Articles2020-06-23T00:56:12+00:00



Articles

When I’m not obsessing over the career of Jeff Goldblum, I also write any number of news articles, features, profiles and cultural criticism. These days, I do it for The Washington Post. Before that, I wrote for anyone who would have me, including Esquire, GQ, Time, Southern Living and a variety of other extremely kind publications that gave me money for words. Here are a few of my favorite pieces.

No, I don’t want to know how many burritos I ate this year

THE WASHINGTON POST  |  Dec. 29, 2023

Ah, December, when inboxes overflow with corporations defining your tastes and habits — your id, your ego, your very soul — from the past 12 months.

Strava reminds you that you didn’t meet your jogging goal for the year.

Peloton implies that you could have cycled more.

Food delivery apps present unfathomable statistics for the 2023 dining season. Unlike with takeout, this caloric imbalance is difficult to swallow.

The Washington Post tells you how many pieces you’ve read. You mostly chose stories by Travis M. Andrews. You realize you are Travis M. Andrews. You Google “narcissism.”

READ THE FULL ARTICLE

Billy Crystal is the last of his kind

THE WASHINGTON POST  |  Dec. 5, 2023

NEW YORK — What are you doing?

Billy Crystal was in his mid-20s when he began asking himself this. As a substitute teacher on Long Island, he made ends meet for his wife and 6-month-old daughter, but he spent the rest of his time in a New York sketch-comedy troupe on the long road to nowhere. He began having anxiety attacks.

You’re a father. What are you doing?

Janice, his wife, sat him down …

READ THE FULL ARTICLE

The radical earnestness of Tony P

THE WASHINGTON POST  |  Sept. 18, 2023

On a top floor of a glass-walled apartment building on a brutalist stretch of Pennsylvania Avenue, somewhere between the Oval Office and the Senate chamber, past a bored concierge, up an elevator, down an endless hallway, in a sterile apartment filled with rented furniture, Tony P studies his salmon.

READ THE FULL ARTICLE

Tom Fontana is furious. And thinks you should be, too.

THE WASHINGTON POST  |  Sept. 1, 2023

NEW YORK — Tom Fontana’s fiefdom fits neatly in a red-brick, four-story, 19th-century West Village townhouse — its colossal, multistory windows befitting the library it was and still, in part, remains. Fontana bought and refurbished the building in 1997 with the relative fortune he made in an earlier golden age of TV — from his first writing break on “St. Elsewhere,” the ’80s NBC drama about a teaching hospital, then onward as writer-producer for NBC’s “Homicide: Life on the Street” in the ’90s, then as creator of “Oz,” the admired HBO prison drama that ended in 2003.

READ THE FULL ARTICLE

Are the Walkmen finally back together, or did they never break up?

THE WASHINGTON POST  |  May 4, 2023

WESTERLY, R.I. — Let’s get one thing straight: The Walkmen never broke up.

You’d be forgiven if you thought they had. The New York-via-D. C. rockers — consisting of first cousins Hamilton Leithauser and Walter Martin and their childhood friends Paul Maroon, Peter Bauer and Matt Barrick — did stop playing shows and releasing new music in early 2014. But they’re adamant they never broke up.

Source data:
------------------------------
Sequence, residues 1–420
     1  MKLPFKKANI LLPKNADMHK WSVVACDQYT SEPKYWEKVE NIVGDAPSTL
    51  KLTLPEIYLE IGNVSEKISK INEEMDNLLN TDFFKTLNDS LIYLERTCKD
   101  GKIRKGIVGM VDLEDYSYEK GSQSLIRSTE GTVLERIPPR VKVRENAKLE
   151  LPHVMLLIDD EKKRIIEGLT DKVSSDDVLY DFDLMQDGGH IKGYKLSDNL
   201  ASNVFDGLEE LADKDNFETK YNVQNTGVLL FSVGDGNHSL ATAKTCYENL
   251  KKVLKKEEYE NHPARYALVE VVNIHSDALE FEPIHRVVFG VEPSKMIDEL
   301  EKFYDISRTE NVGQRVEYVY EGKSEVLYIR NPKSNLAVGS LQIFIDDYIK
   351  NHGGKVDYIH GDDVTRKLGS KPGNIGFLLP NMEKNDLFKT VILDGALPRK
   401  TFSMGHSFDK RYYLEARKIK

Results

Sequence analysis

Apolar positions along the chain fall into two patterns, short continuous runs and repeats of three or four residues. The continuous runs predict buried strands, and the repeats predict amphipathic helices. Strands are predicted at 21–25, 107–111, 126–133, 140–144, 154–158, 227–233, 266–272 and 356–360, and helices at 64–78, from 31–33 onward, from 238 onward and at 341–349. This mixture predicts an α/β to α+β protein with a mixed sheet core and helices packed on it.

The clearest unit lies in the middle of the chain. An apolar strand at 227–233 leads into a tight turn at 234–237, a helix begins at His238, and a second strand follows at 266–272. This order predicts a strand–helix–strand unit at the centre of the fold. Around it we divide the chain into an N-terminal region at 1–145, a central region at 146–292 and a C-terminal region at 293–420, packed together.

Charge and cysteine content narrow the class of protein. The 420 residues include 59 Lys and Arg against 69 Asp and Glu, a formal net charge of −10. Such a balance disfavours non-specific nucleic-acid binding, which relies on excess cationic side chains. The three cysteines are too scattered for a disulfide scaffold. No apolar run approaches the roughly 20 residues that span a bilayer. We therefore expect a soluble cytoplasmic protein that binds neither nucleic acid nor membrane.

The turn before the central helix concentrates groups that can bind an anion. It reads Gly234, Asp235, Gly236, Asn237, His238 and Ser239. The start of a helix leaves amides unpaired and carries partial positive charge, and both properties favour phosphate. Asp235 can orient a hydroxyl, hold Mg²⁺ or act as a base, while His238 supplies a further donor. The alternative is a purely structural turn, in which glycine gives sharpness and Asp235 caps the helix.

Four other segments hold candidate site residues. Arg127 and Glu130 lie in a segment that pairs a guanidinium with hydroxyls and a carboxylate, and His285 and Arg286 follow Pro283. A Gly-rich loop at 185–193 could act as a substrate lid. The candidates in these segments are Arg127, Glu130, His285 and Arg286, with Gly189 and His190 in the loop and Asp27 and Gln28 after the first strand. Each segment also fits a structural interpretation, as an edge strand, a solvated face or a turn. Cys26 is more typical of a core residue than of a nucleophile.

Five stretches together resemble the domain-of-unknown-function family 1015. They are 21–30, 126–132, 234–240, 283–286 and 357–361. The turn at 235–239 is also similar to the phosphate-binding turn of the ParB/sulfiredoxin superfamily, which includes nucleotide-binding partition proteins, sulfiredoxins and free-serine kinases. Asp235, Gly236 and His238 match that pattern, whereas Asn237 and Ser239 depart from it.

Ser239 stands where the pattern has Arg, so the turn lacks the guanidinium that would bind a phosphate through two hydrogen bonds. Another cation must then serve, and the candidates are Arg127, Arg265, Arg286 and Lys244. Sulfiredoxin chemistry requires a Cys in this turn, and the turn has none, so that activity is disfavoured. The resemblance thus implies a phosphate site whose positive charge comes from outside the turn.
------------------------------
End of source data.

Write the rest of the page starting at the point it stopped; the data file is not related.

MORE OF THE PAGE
READ THE FULL ARTICLE

This is not a story about Bruce Willis

THE WASHINGTON POST  | April 7, 2022

No two creatures — including those that clone themselves — are perfect copies. Even identical twins aren’t actually identical. But what’s a rule without an exception?

Bruce Willis, the last Boy Scout, entered the world in Idar-Oberstein, West Germany, on March 19, 1955. Some 4,000 miles away and 14 years later, Eric Buarque was born in Cheverly, Md.

And yet.

READ THE FULL ARTICLE

Spotify backlash offers rare insight into reeling music industry — and struggles of working musicians

THE WASHINGTON POST | Feb. 14, 2022

India.Arie was already tired of the meager checks she was receiving from Spotify when Neil Young decided to bolt from the platform.

Young had clashed with the streaming service over its popular podcast host, Joe Rogan, whom he accused of spreading coronavirus misinformation. The Grammy-winning R&B singer decided she would leave too, citing the low pay and Rogan’s “language around race.”

“So often, we need someone more powerful, someone people actually listen to, to open the door,” Arie said in an interview. So, “when Neil Young opened the door, I walked through, too.”

Leaving, though, proved difficult.

READ THE FULL ARTICLE

Here’s why deep down we like rewatching the same old movies and shows — especially during the pandemic

THE WASHINGTON POST  | Feb. 18, 2021

Many have escalated their rewatching of favorite movies and TV shows during the pandemic, finding them to be creature comforts while stranded in their homes indefinitely, especially with the ever-growing number of streaming services making this content just a click away. All this rewatching raises the question: What makes something rewatchable in the first place, beyond the simple fact that you liked it?

READ THE FULL ARTICLE

The handwarming story of how Bernie Sanders got his inauguration mittens

THE WASHINGTON POST  | Jan. 20, 2021

Sen. Bernie Sanders (I-Vt.) sits alone at the inauguration ceremony in a beige parka, legs and arms crossed, socially distanced. Hugging his hands are a pair of large mittens bearing a white and brown pattern. They look soft. They look warm. They look vaguely familiar.

Of all the historic images from the inauguration of Joe Biden as the 46th president, this might be the most unexpected. But a photo of Sanders bundled up against the Washington cold went viral almost immediately.

READ THE FULL ARTICLE

Go to Top